Medicare home healthcare beneficiaries are homebound due to physical or psychiatric limitations and require intermittentskilled care. On average, Medicare home healthcare beneficiaries have 4.2 diagnosed conditions, and 84% of them have at least 1 limitation in the activities of daily living (ADL).6 Conducting a smooth and safe care transition is typically challenging for healthcare professionals coordinating care for home healthcare beneficiaries with complex clinical conditions. Currently, there are no guidelines regarding what information should be exchanged during the coordinated care transition; consequently, gaps in care transition due to poor or insufficient communication between hospital coordinators, physicians, and home healthcare professionals, as well as poor documentation of discharge planning, have been found.7-10 This poor communication causes discontinuities in care and may result in potential harm to patients.

Previous studies reveal that identifying patients at high risk of a 30-day readmission can be useful for coordinating care and make transitional care more effective.11,12 In a study of Medicare home healthcare patients with heart failure, Madigan and colleagues identified risk factors for 30-day readmissions due to ambulatory care–sensitive conditions (ACSCs).13 The authors included several risk factors such as severity of dyspnea and ADL functions from the Outcome Assessment Information Set (OASIS) that provides clinical conditions for home healthcare patients. They also included a risk factor—the number of previous hospitalizations before the index hospitalization—from the Medicare Provider Analysis Review (MedPAR) that provides clinical conditions during hospitalization. The study found that the number of previous hospitalizations was the strongest predictor among all other predictors for 30-day readmissions due to ACSCs.

Dharmarajan and colleagues examined the timing of 30-day readmission for heart failure, pneumonia, and acute myocardial infarction (AMI) for Medicare patients. They found that among patients with 30-day readmissions, approximately 13% to 19%, and 61% to 68% of them were readmitted within 3 days and 15 days of hospital discharge, respectively.14 The evidence discussed above suggests that patients’ clinical conditions during hospitalizations affect the risk of 30-day readmissions for home healthcare patients who are transferred from hospitals. However, studies that evaluate specific patient risk factors during hospitalizations for home healthcare patients are limited, which is a critical gap in the field of home healthcare knowledge.

The purpose of this study is to identify the risk factors for 30-day readmissions due to ACSCs for diabetic Medicare home healthcare beneficiaries. We focused on diabetes because nearly a third (31%) of Medicare home healthcare patients have diabetes, making this the most common diagnosis.6 Additionally, diabetes is one of the major chronic diseases driving the overall healthcare expenditure growth in the Medicare program, thus causing a significant economic burden in the United States.15,16 This study focuses on 30-day readmissions due to ACSCs, such as urinary tract infection and ketoacidosis, as these conditions are potentially avoidable if patients receive timely and effective interventions,17,18 which can be affected by the quality of coordinated care among hospital coordinators, physicians, and home healthcare professionals.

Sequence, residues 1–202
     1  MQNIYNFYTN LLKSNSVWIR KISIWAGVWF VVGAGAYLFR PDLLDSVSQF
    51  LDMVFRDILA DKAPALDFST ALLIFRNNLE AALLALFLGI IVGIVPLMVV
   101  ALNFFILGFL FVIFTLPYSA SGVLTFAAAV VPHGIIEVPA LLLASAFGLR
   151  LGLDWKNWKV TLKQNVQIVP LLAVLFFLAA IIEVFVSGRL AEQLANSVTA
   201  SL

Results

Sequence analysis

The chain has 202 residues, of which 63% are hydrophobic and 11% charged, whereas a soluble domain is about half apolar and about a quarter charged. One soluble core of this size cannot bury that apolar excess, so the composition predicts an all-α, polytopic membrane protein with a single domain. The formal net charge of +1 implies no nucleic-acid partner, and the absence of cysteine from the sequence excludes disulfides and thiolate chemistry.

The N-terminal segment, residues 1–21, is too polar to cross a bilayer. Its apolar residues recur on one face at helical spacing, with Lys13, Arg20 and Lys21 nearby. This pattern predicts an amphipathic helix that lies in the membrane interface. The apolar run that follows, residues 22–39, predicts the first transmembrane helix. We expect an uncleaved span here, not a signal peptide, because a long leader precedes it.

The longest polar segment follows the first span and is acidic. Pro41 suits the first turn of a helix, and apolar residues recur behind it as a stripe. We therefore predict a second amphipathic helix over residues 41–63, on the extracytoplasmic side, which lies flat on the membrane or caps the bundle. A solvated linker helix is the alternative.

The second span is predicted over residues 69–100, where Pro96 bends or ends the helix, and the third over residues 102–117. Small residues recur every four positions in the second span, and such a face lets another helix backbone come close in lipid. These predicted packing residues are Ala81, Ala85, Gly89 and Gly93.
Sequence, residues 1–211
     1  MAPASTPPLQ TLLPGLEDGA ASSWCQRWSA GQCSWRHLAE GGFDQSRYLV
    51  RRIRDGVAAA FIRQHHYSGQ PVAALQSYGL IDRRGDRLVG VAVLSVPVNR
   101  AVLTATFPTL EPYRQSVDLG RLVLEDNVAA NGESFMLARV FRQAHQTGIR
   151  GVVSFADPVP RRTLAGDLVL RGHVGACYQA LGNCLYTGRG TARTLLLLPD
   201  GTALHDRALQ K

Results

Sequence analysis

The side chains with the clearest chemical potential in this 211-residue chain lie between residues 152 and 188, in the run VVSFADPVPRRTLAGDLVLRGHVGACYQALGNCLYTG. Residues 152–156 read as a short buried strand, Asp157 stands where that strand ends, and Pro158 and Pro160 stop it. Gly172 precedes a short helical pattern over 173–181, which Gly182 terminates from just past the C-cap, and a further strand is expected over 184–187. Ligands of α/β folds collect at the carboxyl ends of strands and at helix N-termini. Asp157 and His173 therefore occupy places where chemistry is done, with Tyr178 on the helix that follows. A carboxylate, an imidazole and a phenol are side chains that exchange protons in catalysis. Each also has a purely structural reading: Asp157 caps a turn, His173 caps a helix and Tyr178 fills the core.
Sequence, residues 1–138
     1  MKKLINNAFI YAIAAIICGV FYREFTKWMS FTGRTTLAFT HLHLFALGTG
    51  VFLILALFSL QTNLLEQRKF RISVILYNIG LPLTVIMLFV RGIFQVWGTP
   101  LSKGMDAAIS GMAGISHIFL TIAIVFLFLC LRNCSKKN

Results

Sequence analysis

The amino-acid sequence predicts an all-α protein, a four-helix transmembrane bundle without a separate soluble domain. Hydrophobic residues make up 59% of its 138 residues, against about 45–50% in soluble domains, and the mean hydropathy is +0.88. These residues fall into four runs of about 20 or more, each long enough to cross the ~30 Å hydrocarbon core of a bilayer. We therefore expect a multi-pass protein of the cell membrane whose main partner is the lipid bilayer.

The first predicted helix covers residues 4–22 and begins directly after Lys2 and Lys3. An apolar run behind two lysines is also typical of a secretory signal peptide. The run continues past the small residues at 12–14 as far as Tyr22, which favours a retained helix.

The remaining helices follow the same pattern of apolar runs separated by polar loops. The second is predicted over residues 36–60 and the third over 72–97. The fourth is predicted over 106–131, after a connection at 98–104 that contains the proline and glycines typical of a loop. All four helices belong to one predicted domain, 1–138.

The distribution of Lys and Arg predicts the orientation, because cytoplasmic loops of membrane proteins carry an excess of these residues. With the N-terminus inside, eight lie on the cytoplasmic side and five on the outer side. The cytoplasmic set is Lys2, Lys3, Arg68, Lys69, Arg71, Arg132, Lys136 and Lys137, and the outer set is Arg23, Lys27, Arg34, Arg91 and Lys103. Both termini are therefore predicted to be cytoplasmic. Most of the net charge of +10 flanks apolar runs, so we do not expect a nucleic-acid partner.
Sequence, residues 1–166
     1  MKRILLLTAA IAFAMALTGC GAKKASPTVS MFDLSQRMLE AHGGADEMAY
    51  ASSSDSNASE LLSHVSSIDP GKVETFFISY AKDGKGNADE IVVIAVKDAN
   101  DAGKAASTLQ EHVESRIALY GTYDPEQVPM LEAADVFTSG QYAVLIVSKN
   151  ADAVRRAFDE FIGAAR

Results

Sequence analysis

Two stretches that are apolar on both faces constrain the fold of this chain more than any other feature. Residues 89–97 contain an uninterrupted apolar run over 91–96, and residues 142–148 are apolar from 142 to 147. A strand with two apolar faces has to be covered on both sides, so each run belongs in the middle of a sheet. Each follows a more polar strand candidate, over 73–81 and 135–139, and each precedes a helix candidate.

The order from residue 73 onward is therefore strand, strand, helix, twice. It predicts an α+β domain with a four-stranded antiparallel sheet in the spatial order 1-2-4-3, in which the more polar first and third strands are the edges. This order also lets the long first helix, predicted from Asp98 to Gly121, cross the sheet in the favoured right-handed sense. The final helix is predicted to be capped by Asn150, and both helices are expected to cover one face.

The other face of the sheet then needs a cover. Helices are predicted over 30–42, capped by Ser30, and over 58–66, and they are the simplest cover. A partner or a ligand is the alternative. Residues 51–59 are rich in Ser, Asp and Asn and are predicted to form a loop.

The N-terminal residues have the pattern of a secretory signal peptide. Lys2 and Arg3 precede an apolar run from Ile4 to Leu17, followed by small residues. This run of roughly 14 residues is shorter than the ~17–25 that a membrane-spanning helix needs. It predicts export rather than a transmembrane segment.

METHODS

Study Design and Data Sources


We analyzed Medicare beneficiaries with diabetes who received home healthcare within 14 days of hospital discharge in 2009. The unit of analysis is the home health episode for post acute care. Andersen’s Behavioral Model of Health Services was used as a framework for determining and estimating the key predictors of 30-day readmission, while adjusting for empirically determined predictor variables identified in our review of the literature.13,14,19-21 Andersen posited that healthcare utilizations, such as 30-day readmissions due to ACSCs, are affected by predisposing factors (age and gender), enabling conditions (whether patients live alone), healthcare needs (comorbid conditions and ADL), and the external environment (quality of hospital care and the number of primary care physicians per 1000 population), as well as the intensity of home healthcare visits that home healthcare patients receive.13,20